It has suggested the pattern of circulating MPs associates with disease activity, stage and histological findings of IBD and therefore it reflects probability of remission and risk of disease progression. Whether serial measurements of circulating MPs if powerful tool for risk stratification of the patients with IBD is not clear ant it is required more investigations, because of individualized strategy regarding risk assessment appears to be very attractive.


  1. Abraham C, Cho JH . Inflammatory bowel disease. N Engl J Med. 2009; 361: 2066-2078.
  2. Shih DQ, Targan SR. Immunopathogenesis of inflammatory bowel disease. World J Gastroenterol. 2008; 14: 390-400.
  3. Bamias G, Cominelli F. Immunopathogenesis of inflammatory bowel disease: current concepts. Curr Opin Gastroenterol. 2007; 23: 365-369.
  4. Kaser A, Zeissig S, Blumberg RS. Inflammatory bowel disease. Annu Rev Immunol. 2010; 28: 573-621.
  5. Ng SC. Emerging Leadership Lecture: Inflammatory Bowel Disease in Asia: Emergence of a "Western Disease" J Gastroenterol Hepatol. 2014; .
  6. van Lierop PP, Samsom JN, Escher JC, Nieuwenhuis EE. Role of the innate immune system in the pathogenesis of inflammatory bowel disease. J Pediatr Gastroenterol Nutr. 2009; 48: 142-151.
  7. Hisamatsu T, Ogata H, Hibi T. Innate immunity in inflammatory bowel disease: state of the art. Curr Opin Gastroenterol. 2008; 24: 448-454.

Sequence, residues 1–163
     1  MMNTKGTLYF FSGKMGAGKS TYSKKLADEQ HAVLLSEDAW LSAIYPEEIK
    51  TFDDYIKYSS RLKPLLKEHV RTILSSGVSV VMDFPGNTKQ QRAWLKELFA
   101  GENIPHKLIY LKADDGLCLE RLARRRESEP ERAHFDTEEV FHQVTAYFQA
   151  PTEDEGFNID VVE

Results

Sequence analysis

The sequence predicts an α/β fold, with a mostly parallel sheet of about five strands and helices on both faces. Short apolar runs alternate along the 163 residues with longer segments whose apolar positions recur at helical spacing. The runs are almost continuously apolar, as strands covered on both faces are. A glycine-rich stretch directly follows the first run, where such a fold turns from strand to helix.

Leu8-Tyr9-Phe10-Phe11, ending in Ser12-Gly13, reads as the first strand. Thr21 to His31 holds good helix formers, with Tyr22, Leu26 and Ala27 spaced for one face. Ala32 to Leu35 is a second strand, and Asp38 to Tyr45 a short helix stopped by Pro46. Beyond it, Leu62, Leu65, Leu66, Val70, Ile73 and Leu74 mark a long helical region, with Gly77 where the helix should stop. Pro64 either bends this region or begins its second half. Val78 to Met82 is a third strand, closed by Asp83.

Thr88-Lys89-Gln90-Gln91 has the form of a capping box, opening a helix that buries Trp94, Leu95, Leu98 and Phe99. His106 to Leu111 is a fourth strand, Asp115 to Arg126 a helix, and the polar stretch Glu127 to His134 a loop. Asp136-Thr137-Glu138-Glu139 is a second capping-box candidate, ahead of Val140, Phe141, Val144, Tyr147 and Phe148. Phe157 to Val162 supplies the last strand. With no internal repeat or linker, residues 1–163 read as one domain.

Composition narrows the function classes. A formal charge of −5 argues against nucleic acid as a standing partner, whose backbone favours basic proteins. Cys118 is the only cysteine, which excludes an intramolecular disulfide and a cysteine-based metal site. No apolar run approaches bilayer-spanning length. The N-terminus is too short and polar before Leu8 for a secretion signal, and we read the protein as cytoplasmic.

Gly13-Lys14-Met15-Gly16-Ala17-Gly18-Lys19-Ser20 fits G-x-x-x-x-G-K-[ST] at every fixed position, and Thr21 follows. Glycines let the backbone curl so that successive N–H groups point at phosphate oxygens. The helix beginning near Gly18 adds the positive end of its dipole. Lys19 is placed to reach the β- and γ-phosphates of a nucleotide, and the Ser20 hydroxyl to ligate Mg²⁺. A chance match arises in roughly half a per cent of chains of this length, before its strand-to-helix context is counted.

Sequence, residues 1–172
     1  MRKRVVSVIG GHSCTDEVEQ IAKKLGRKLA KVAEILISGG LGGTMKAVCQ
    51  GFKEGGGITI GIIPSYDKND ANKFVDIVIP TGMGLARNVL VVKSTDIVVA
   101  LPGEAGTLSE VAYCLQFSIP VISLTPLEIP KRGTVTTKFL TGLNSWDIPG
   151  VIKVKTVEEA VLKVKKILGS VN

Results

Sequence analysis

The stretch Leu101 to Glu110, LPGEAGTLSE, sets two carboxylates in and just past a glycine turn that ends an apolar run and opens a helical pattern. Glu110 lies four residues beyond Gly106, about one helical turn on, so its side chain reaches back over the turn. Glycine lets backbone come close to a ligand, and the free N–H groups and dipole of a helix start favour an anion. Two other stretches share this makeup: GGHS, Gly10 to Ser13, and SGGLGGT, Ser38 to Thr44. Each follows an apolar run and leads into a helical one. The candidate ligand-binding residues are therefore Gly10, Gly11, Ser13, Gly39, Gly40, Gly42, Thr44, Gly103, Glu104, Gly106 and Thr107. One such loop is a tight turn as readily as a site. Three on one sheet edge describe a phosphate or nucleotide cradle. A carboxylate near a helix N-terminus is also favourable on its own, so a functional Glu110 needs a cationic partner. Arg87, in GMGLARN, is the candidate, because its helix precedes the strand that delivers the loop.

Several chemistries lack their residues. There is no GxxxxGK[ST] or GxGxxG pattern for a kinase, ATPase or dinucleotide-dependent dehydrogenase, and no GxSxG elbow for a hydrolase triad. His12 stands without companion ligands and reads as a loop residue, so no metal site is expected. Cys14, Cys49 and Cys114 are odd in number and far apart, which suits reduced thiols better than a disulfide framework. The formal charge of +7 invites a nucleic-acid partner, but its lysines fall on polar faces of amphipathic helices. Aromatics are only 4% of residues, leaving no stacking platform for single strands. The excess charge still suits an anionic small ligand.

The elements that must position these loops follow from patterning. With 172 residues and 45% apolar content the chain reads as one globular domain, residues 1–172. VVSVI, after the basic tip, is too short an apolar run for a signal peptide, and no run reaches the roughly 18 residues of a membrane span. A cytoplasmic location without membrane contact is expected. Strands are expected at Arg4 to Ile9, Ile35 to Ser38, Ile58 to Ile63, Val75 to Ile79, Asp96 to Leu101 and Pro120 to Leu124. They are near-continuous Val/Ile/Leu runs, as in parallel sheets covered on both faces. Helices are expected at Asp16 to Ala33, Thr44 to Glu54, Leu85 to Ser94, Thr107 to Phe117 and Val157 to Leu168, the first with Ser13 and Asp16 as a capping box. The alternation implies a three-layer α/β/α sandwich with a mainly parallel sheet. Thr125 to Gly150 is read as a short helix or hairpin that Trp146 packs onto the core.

8. Mueller T, Podolsky DK. Nucleotide-binding-oligomerization domain proteins and toll-like receptors: sensors of the inflammatory bowel diseases' microbial environment. Curr Opin Gastroenterol. 2005; 21: 419-425.
  9. Abreu MT, Fukata M, Arditi M. TLR signaling in the gut in health and disease. J Immunol. 2005; 174: 4453-4460.
  10. Economou M, Trikalinos TA, Loizou KT, Tsianos EV, Ioannidis JP. Differential effects of NOD2 variants on Crohn's disease risk and phenotype in diverse populations: a metaanalysis. Am J Gastroenterol. 2004; 99: 2393-2404.
  11. Smith PD, Smythies LE, Shen R, Greenwell-Wild T, Gliozzi M, Wahl SM. Intestinal macrophages and response to microbial encroachment. Mucosal Immunol. 2011; 4: 31-42.
  12. Robinson A, Keely S, Karhausen J, Gerich ME, Furuta GT, Colgan SP. Mucosal protection by hypoxia-inducible factor prolyl hydroxylase inhibition. Gastroenterology. 2008; 134: 145-155.
  13. Michelsen KS, Arditi M. Toll-like receptors and innate immunity in gut homeostasis and pathology. Curr Opin Hematol. 2007; 14: 48-54.
  14. Taylor CT, Colgan SP. Hypoxia and gastrointestinal disease. J Mol Med (Berl). 2007; 85: 1295-1300.
  15. Colgan SP1, Taylor CT. Hypoxia: an alarm signal during intestinal inflammation. Nat Rev Gastroenterol Hepatol. 2010; 7: 281-287.
  16. Ortiz-Masià D, Díez I, Calatayud S, Hernández C, Cosín-Roger J, Hinojosa J, et al. Induction of CD36 and thrombospondin-1 in macrophages by hypoxia-inducible factor 1 and its relevance in the inflammatory process. PLoS One. 2012; 7: e48535.
  17. Annunziato F, Cosmi L, Santarlasci V, Maggi L, Liotta F, Mazzinghi B, et al. Phenotypic and functional features of human Th17 cells. J Exp Med. 2007; 204: 1849-1861.
  18. Johansson C, Kelsall BL. Phenotype and function of intestinal dendritic cells. Semin Immunol. 2005; 17: 284-294.
  19. Milling S, Yrlid U, Cerovic V, MacPherson G. Subsets of migrating intestinal dendritic cells. Immunol Rev. 2010; 234: 259-267.